An official greets Khashoggi as he enters by the door and he is taken to the consul general’s office, according to reports. Sources close to the investigation tell Middle East Eye say that two men dragged Khashoggi from the room to another, where he was killed. His body was then dismembered in a third room, the source said.
Saudi officials have strenuously denied allegations that Khashoggi was killed.
1515: A convoy of six Saudi diplomatic cars leaves the consulate: four vehicles head for the consulate-general’s residence, where they remain for several hours, while the other two head for a hotel. A black van with diplomatic number plates also departs at around the same time. It’s destination is not known.
1600: Cengiz becomes concerned and calls Yasin Aktay, an adviser to Turkish President Recep Tayyip Erdogan. She also contacts an organisation which represents the interests of Turkish journalists. CCTV (below) later shows her outside the Saudi consulate.
1612–1653: A group of three Saudi nationals pass through passport control at Ataturk Airport. They are understood to have arrived on a scheduled flight, possibly Saudia flight V263 from Riyadh which landed at 1525. They check into the Wyndham Grand Hotel. They are subsequently identified by Turkish authorties as Naif Hassan S Alarifi, Muhammed Saad H Alzahrani and Mansur Othman M Abahuseyin.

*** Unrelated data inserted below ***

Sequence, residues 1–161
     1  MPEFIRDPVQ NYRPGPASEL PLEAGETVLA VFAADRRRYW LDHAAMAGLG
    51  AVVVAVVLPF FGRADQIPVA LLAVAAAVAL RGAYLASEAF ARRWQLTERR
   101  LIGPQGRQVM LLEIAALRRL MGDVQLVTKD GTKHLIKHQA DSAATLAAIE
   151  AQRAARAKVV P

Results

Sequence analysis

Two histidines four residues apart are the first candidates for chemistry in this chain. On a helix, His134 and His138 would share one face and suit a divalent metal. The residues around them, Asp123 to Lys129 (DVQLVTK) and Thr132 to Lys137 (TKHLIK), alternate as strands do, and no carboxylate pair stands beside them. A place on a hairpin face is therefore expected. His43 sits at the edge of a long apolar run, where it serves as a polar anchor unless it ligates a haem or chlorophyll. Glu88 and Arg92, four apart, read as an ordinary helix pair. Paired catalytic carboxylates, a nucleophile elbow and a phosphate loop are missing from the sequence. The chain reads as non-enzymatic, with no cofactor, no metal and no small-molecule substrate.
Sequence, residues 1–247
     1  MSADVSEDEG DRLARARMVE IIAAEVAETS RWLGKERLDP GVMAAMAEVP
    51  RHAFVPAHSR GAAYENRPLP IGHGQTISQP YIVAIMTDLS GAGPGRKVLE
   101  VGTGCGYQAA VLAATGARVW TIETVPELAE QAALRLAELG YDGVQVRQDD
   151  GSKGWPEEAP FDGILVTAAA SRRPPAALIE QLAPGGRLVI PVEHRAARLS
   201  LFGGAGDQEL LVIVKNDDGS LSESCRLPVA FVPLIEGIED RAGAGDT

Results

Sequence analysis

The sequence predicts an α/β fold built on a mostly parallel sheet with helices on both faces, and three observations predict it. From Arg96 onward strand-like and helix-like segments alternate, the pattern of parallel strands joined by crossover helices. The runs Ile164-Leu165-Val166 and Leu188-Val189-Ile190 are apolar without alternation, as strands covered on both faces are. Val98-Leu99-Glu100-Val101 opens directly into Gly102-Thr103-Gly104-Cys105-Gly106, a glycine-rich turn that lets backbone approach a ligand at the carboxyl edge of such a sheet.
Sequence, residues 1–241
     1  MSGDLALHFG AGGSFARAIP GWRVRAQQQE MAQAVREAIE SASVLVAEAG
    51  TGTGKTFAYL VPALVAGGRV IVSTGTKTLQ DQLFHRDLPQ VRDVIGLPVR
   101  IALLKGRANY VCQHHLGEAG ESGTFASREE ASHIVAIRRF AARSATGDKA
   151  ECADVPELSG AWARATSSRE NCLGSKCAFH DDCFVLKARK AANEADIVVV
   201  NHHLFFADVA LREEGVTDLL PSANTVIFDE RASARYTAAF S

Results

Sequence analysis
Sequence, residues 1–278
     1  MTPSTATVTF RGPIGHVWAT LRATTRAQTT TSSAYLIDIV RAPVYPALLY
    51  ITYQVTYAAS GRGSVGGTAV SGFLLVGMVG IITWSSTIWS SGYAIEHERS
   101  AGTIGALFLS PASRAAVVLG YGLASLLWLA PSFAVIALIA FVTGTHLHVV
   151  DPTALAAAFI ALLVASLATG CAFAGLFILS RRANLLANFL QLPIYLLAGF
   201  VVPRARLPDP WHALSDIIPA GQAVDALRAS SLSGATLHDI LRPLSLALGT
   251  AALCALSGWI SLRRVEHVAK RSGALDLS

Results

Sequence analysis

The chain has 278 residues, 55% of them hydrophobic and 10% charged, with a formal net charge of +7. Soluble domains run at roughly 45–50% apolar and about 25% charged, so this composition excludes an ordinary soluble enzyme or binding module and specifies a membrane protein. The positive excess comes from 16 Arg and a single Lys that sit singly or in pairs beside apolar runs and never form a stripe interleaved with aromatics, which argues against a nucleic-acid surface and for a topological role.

1715: A private jet, with the tail registration HZ-SK1, arrives at Ataturk Airport.
1800: Cengizis is told by staff at the Saudi consulate that Khashoggi has already left the building.
1820: Private jet HZ-SK1 leaves Ataturk Airport for Riyadh via Cairo. On board are six Saudi nationals.
2000: Cengiz calls the police to report Khashoggi’s disappearance.
2246: Private HZ-SK2 leaves Ataturk, first for Dubai, then for Riyadh. On board are seven Saudi nationals.
Wednesday 3 October
0018–0020: The final two Saudi nationals pass through passport control at Ataturk Airport and leave on a scheduled flight.
The Saudi nationals
Saudi officials have strongly denied any knowledge of Khashoggi’s whereabouts and say that he left the consulate soon after arriving. They have yet to present any evidence to corroborate their comments and say that video cameras at the consulate were not recording at the time.
The 15 Saudi nationals, whose faces were captured on CCTV at Ataturk Airport passport control, are:
From left to right (above)
- Meshal Saad M Albost, born 1987
- Mustafa Muhammed M Almadani, born 1961
- Mansur Othman M Abahuseyin, born 1972
- Maher Abdulaziz M Mutreb, born 1971
- Waleed Abdullah M Alsehri, born 1980
From left to right (above)
- Fahad Shabib A Albalawi, born 1985
- Thaar Ghaleb T Alharbi, born 1979
- Salah Muhammad A Tubaigy, born 1971
- Saif Saad Q Alqahtani, born 1973
- Badr Lafi M Alotaibi, born 1973
From left to right (above)
- Naif Hassan S Alarifi, born 1986
- Abdulaziz Muhammed M. Alhawsawi, born 1987
- Muhammed Saad H Alzahrani, born 1988
- Khaled Aedh G Altaibi, born 1988
- Turki Muserref M Alsehri, born 1982
Photo source: AFP/ Washington Post/Hatice Cengiz